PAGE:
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Daring Deeds - real stories, expeditions, road trips and adventure

Social Ice Climbing

By Jenni | 19, Jan, 2009

Blue skies, soft snow and cheese fondue

When I casually mentioned to friends and family that Alpkit were taking me to the Ice Festival in January and that it would involve a bivvy at around -15 degrees the responses all followed a similar theme.  The general assumption was that I would surely perish and I have to say, I held the same fear.  I use a -10 sleeping bag to camp in the summer in the UK, I wear full thermals to work (the warehouse can get chilly in winter) and my down gilet hasn’t come off my back since September.  All fears aside though, it did seem to be a fantastic opportunity for me to test some of the Alpkit gear and as one of my friends said, to see just how cold I could get before I exploded.

The Alpkit ‘Social Climber’ t-shirt could have been made for me.  My idea of climbing is a couple of gentle routes in the sun followed by a large picnic.  Therefore it was understandable that I was a tad scared to be following Dan and Ashleigh to the ice after just two hours’ sleep (see Col’s account as to why!) on Friday morning. However it’s something I have always wanted to do and I was really excited to be getting the opportunity to do so with a guide as good as Murray Hamilton.  He explained the basics and with a couple of top ropes set up, I was able to find my ice feet.  It was brilliant!  I had always imagined it to be similar to rock climbing but I found the stepping motion much easier on the knees but it took a while to get used to trusting my feet rather than my hands.

The following day it was time for me to try another new snow sport.  This time, we all headed off for a day’s snow shoeing.  With wall to wall sunshine and blue skies the day promised to be pretty perfect and it was.  It was made even better by a cheese fondue lunch all washed down with ice cold white wine!  Who said mountain food had to be boring?!  As part of our product testing aim, I used the CarbonLite poles for our trek.  I have never used carbon fibre poles before and I was very impressed at how light they were.  They also proved to be pretty good in the Alpkit winter Olympics javelin competition, for Nick that is.  (I’m afraid Ash and I proved that girls just can’t throw!)

After returning to man the stand for a couple of hours it was off to the Fournel valley and my first ever bivvy!  It took almost an hour’s worth of two shuttle bus rides and a 15 min walk to reach the bivvy site but it was well worth the journey.  The moon was so bright we were casting shadows as we walked.  We were met at the entrance to the site by a huge cauldron of Vin Chaud, it was going to be a good night!  The food was good and the fires were big but by 3am it was time for bed.  We all headed to the large snow trench that Jim had built earlier that night in a rush of energy and enthusiasm. As the coldest of the group, I was testing a sample AlpineDream -30 degree bag combined with a sample Hunka XL.  I wore just my thermal base layer, a light fleece jumper and socks and I also used a silk liner.  We put the max/min thermometer in my inside pocket and the sensor outside, propped on my bag.  I used a closed-cell mat combined with a Fat Airic who, sadly was a very flat Airic by the time I came to use him as he’d frozen solid!  Pete managed to pump a bit more life into him but the beauty of the Fat is that even when ‘flat’ he is more insulating than a Wee for example and so I went to sleep pretty warm and comfy.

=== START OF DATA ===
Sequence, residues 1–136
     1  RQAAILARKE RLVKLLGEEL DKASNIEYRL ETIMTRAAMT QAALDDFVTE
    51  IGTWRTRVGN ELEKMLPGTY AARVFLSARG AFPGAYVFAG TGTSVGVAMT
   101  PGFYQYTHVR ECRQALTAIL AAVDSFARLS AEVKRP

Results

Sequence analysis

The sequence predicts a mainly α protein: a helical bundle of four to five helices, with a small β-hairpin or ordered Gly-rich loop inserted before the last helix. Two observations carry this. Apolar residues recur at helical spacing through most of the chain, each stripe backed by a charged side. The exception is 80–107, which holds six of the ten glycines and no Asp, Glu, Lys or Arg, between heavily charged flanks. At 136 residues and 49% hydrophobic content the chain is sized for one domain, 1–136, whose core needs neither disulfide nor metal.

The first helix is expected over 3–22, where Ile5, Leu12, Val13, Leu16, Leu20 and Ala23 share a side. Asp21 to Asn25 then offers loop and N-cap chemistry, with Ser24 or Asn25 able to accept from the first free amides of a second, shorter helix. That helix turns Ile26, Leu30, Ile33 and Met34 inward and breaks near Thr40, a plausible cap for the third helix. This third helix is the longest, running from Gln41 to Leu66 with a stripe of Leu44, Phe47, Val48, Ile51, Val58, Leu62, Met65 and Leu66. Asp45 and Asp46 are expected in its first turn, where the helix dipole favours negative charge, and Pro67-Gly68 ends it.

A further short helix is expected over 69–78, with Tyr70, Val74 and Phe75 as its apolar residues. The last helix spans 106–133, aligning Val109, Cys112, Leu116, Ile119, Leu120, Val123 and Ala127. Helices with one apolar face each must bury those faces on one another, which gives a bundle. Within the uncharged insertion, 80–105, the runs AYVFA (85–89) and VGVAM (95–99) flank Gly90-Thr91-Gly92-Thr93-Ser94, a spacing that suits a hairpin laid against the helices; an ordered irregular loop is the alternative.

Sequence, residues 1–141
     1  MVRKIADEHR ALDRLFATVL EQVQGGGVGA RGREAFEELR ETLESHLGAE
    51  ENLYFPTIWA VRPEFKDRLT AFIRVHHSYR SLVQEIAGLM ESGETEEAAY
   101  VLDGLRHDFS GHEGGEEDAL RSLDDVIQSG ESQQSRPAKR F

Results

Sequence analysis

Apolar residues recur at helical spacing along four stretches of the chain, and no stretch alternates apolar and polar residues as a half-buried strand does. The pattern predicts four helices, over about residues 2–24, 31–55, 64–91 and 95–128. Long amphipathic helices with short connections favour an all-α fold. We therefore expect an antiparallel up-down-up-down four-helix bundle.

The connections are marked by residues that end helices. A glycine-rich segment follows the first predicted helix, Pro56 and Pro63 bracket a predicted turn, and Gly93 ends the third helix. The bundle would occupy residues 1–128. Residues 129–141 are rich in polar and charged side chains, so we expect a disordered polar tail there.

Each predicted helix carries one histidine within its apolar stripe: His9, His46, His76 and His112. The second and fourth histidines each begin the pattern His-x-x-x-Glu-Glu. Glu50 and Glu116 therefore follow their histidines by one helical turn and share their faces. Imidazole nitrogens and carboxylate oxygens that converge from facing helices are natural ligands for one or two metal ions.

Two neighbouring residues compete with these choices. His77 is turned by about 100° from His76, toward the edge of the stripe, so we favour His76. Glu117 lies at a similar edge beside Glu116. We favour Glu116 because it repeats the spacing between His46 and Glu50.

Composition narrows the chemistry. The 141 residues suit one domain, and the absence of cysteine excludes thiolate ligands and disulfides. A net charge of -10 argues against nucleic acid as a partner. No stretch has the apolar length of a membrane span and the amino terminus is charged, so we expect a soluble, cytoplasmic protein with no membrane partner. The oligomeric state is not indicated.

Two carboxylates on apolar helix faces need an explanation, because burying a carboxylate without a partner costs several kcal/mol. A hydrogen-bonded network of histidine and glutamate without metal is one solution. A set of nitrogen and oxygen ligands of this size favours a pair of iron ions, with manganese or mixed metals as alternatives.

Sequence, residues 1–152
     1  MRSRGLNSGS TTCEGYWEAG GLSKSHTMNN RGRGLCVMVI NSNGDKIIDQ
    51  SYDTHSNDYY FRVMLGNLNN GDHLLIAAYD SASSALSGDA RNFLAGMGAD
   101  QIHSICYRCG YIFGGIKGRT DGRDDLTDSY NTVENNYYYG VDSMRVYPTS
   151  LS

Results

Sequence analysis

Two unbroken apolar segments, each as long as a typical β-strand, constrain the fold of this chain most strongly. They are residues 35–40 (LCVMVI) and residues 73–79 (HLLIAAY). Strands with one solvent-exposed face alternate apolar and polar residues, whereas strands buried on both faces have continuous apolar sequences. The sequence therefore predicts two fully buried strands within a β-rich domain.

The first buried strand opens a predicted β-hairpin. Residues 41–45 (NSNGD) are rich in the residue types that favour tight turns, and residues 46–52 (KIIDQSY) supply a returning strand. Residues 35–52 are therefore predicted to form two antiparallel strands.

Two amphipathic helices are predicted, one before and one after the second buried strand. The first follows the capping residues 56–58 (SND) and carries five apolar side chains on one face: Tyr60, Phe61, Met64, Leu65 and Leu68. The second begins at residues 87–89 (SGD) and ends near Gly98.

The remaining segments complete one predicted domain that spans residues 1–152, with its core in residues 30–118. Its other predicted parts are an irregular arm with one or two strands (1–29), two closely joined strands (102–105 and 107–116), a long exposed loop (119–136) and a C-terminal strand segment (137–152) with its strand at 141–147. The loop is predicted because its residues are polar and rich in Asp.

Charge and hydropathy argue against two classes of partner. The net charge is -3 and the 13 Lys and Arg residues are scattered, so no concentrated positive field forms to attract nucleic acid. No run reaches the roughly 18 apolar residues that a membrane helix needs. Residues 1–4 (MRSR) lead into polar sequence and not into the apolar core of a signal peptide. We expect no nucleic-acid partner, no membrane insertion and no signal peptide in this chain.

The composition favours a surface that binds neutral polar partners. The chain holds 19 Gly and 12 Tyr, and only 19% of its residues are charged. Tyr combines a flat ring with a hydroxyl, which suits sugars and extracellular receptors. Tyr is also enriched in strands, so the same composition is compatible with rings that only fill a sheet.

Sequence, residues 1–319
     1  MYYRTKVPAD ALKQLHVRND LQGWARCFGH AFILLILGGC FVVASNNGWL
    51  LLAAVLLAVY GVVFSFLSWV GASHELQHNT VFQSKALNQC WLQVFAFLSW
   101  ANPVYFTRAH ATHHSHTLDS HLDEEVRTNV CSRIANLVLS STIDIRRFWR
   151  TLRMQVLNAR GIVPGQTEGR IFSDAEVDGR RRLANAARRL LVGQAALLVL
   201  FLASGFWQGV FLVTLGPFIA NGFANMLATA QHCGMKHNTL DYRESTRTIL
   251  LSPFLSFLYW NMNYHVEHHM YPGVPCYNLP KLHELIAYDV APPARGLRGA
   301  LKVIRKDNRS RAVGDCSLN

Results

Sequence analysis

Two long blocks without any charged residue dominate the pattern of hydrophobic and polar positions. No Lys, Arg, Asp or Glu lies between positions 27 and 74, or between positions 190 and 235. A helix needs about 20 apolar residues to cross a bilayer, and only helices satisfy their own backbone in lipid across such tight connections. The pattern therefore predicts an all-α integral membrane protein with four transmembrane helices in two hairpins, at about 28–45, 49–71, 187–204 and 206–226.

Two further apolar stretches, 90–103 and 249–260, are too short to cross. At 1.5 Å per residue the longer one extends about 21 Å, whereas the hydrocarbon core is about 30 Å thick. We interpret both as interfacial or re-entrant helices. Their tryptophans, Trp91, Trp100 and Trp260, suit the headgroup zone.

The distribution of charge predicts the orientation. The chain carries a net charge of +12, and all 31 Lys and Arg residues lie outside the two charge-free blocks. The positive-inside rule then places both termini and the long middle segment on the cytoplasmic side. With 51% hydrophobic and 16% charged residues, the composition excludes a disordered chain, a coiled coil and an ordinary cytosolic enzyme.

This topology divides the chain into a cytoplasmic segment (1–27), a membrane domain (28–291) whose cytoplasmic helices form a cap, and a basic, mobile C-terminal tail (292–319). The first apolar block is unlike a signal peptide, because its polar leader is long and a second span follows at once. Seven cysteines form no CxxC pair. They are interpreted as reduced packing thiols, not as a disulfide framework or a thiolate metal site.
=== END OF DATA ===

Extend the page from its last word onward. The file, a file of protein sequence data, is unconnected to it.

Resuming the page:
I woke at one point with cold knees but after rearranging my Filo over them, I was able to drift off again.  When I woke to Jim asking if I was still alive I still felt pretty warm.  We checked the thermometer and the temperature overnight inside my bag was 14.1 degrees. The external, minimium temperature was -16.1 degrees.  Pretty nippy!  As I had stored all my clothes and boots inside my sleeping bag and Hunka respectively, they were warm to the touch and getting dressed wasn’t the chore it could have been.  My night on the snow proved that I do sleep a lot colder than the lads and has given me a really good idea of the comfort rating that I would require for winter camping.  I think I could have coped with a cooler bag had I worn another layer and so I think I require a bag that has a comfort rating of at least 5 degrees lower than the expected minimum temperature.

We finished off the weekend with some skiing and snowboarding.  I love snowboarding so for me it was the perfect end to a pretty darn perfect weekend.  Go team!

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